Water and food is left for migrants from Mexico in the Arizona desert in 2012. Cardinal O'Malley and bishops from the U.S.-Mexico border area will celebrate a Mass in Nogales, Ariz. April 1 to remember close to 6,000 migrants who have died in the U.S. desert since 1998. CNS photo/Jim West
BOSTON -- Cardinal Seán O'Malley and bishops who serve on the U.S.-Mexico border will join members of the U.S. Conference of Catholic Bishops' Committee on Migration in Arizona next week to remember the deaths of migrants in the U.S. desert and to pray for immigration reform.
Bishop Gerald Kicanas of Tucson, Arizona, will host the delegation that will meet in Nogales, Ariz. from March 30- April 1 to tour the U.S.-Mexico border area. The gathering will conclude with a Mass celebrated at 9 a.m. April 1 remembering the close to 6,000 migrants who have died in the U.S. desert since 1998.
The trip follows the example of Pope Francis, who, in his first trip outside of Rome, traveled to the Italian island of Lampedusa to remember African migrants who died attempting to reach Europe. During that trip, Pope Francis spoke about the "globalization of indifference" toward migrants and decried the "throwaway culture" that disposes of human beings in the pursuit of wealth.
Cardinal O'Malley spoke about his upcoming trip in his remarks at the Anti-Defamation League Nation of Immigrants Seder held March 23 in Boston.
"In the coming weeks I will join a delegation from the United States Catholic Bishops Conference for a Mass and other events on the border with Mexico, to raise awareness of the plight of so many who seek to come to America," Cardinal O'Malley said.
At the ADL event, the cardinal spoke of the obstacles that undocumented immigrants face as a threat to human life, and recalled comments from Pope Francis' during his visit to Lampedusa.
"As the Holy Father has solemnly observed, all too often those obstacles claim the lives of men and women who seek new freedom and better life," the cardinal said.
"Each year 30,000 unaccompanied children cross the border into our country. Right now there are almost 40,000 immigrants who have been detained, incarcerated at a cost of $2 billion to the American taxpayers," he said.
The cardinal said roughly 400 bodies are found in the border region desert each year, as difficulty in getting into the U.S. grows and people take more risks trying to enter.
The cardinal said he learned about the difficulties faced by the immigrant community particularly during his 20-year ministry in Washington, where he worked with undocumented refugees.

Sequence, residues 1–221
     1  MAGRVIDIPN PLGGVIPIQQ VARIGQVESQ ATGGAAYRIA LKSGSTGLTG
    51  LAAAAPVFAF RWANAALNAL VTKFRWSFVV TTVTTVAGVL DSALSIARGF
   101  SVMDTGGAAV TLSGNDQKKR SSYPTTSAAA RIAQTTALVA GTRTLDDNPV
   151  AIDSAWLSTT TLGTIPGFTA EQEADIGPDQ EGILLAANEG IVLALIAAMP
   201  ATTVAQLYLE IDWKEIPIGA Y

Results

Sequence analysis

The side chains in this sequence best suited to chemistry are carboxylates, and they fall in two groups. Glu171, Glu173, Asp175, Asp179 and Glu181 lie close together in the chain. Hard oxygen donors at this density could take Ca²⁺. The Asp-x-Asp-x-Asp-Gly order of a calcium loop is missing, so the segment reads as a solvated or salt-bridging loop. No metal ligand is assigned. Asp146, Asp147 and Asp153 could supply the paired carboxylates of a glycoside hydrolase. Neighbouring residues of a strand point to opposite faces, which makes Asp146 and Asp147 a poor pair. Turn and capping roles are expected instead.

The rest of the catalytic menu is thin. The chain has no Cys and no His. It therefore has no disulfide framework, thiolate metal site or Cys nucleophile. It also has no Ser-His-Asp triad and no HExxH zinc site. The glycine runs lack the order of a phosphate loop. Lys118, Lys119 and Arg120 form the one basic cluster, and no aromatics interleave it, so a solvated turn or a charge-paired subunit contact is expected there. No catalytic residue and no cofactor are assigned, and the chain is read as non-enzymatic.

"It taught me so much about the plight of immigrants who had come into this country," the cardinal said.
He spoke also about the historical connection between the Catholic Church in the U.S. and immigrant populations.
"Immigration is a theme which runs through the history of the United States, and the history of Catholicism in America. The growth of the Church in the United States during the last two centuries was driven by immigration from Ireland, Italy, Germany, and Eastern Europe, as the newly arrived turned to their parishes for protection, assistance and advice," he said.
Bishops in the USCCB also noted the issue of immigration as an issue regarding the value of human beings, their dignity, and the value of their lives.
The chairman of the USCCB Committee on Migration, Bishop Eusebio Elizondo, auxiliary bishop of Seattle, also related the bishops' trip to the pope's Lampedusa visit.
"The U.S.-Mexico border is our Lampedusa," Bishop Elizondo said. "Migrants in this hemisphere try to reach it, but often die in the attempt."
"What we fail to remember in this debate is the human aspect of immigration -- that immigration is primarily about human beings, not economic or social issues," he said. "Those who have died -- and those deported each day -- have the same value and innate God-given dignity as all persons, yet we ignore their suffering and their deaths."
"We exhibit our own indifference when we minimize or ignore this suffering and death, as if these people are not worth our attention. It degrades us as a nation," Bishop Elizondo continued. "Hopefully by highlighting the harsh impact the system has on our fellow human beings, our elected officials will be moved to reform it."